Draft Strategy

What’s Wrong With Every First Round Rookie Pick: Picks 7 to 12

Once the NFL draft ends, there is one thing we can be certain of: Rookie Derangement Syndrome is going to set in. That means the hype and excitement over rookie picks are about to peak. Everyone wants to move up in the draft, acquire more picks, or simply get “their guy”.

Having already discussed the flaws with rookie picks one through six, it is time to move on to the back half of the first round.

O.J. Howard, TE, Buccaneers
ADP: 8.64

Howard could end up being a stud one day, but it is highly unlikely that he does anything in his first season. Here is the complete list of rookie TEs to go over 600 receiving yards since 2000.

  • Jeremy Shockey (2002)
  • John Carlson (2008)

A rookie TE breakout is more than rare; we haven’t had one since George Bush was president. This means that you most likely aren’t getting anything useful from Howard until at least year two. Now factor in that the Buccaneers are strapped with weapons like Mike Evans, DeSean Jackson, and Chris Godwin. It doesn’t seem as if Howard will receive the requisite targets to become an elite TE.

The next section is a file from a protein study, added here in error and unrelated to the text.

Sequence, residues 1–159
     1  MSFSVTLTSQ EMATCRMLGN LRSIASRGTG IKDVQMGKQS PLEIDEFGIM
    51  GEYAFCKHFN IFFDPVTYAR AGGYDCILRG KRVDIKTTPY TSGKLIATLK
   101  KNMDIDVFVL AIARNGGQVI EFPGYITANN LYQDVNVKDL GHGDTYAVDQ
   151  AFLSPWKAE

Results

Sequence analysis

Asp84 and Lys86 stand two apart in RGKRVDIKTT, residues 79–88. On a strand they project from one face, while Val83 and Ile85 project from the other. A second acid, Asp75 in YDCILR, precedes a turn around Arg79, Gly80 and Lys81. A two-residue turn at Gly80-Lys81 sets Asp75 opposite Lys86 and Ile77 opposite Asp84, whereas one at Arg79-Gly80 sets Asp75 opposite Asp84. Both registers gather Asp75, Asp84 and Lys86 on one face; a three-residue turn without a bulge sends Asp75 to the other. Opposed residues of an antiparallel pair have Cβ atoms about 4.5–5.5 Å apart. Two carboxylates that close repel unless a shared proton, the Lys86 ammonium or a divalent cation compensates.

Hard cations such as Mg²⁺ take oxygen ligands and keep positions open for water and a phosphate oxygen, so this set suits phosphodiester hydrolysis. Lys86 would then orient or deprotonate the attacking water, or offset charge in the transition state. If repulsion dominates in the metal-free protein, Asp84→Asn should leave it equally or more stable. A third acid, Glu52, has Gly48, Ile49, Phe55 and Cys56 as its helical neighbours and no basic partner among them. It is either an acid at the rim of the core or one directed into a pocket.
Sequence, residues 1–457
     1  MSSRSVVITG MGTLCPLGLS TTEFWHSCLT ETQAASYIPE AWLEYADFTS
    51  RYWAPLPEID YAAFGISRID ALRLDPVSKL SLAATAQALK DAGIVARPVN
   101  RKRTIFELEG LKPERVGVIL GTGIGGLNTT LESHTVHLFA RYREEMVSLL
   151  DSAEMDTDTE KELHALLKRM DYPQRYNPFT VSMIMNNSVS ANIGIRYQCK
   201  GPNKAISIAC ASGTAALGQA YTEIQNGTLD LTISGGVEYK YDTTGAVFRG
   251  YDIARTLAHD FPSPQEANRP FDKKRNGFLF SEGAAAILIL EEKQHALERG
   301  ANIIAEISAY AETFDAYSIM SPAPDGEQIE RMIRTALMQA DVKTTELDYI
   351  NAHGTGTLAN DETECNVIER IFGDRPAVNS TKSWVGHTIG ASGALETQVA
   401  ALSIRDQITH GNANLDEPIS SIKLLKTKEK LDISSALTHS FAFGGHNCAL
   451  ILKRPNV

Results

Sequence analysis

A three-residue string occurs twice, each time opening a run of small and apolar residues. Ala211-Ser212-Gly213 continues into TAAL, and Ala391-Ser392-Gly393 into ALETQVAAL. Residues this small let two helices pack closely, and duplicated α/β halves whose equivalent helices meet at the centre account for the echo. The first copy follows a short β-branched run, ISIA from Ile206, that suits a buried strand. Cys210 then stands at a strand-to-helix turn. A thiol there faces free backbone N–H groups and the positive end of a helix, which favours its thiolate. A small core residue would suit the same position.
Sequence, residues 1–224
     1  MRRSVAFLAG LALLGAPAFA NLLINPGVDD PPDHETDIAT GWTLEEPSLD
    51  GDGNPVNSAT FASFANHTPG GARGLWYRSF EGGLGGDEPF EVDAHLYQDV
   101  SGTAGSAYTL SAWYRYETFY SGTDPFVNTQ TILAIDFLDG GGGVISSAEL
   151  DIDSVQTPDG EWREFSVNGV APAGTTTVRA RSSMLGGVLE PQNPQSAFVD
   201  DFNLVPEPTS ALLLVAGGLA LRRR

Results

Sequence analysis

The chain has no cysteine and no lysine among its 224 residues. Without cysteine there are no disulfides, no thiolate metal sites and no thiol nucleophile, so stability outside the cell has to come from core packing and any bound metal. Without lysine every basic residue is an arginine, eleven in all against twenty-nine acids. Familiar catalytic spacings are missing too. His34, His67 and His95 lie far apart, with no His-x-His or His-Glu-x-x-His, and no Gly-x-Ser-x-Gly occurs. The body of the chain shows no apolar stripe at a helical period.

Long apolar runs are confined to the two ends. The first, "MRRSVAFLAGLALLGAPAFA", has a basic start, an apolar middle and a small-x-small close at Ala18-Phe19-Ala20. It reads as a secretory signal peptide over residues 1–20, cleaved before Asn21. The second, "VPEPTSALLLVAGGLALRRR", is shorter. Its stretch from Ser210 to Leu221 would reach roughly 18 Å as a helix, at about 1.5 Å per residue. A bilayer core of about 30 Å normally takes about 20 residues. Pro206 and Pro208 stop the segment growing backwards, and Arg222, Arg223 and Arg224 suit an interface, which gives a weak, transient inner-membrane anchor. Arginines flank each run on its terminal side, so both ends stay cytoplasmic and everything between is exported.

MeasurereTRG/G16 TB MS
25th Percentile6.90.19
75th Percentile8.10.22

The table shows different measures of targets per game for all TEs to reach 12 PPG since 2000.1 I then related the target total to the number of passes per game the Buccaneers threw in 2016 (36.125) to see the data in terms of market share.

Last season, Cameron Brate only saw 14 percent of team targets. Even if Jameis Winston throws more in 2017, and Evans receives less than his 30 percent share in 2016, the additions of Jackson and Godwin combined with the continued presence of Brate should keep Howard well under seven targets per game. It is unlikely we see Howard capture the necessary target share to be a top-half TE1 for at least a couple of seasons.

John Ross, WR, Bengals
ADP: 10.93

While Ross’ draft capital is impressive, his situation on the Bengals is anything but. He will probably be behind an alpha WR in A.J. Green for most of his rookie contract, a position that limits his target share and ceiling significantly. On top of that, he has to compete with Tyler Eifert, Tyler Boyd, Brandon LaFell, and the Bengals’ slew of RBs for targets. Ross seems like someone who will be a much more valuable real-life asset than fantasy asset.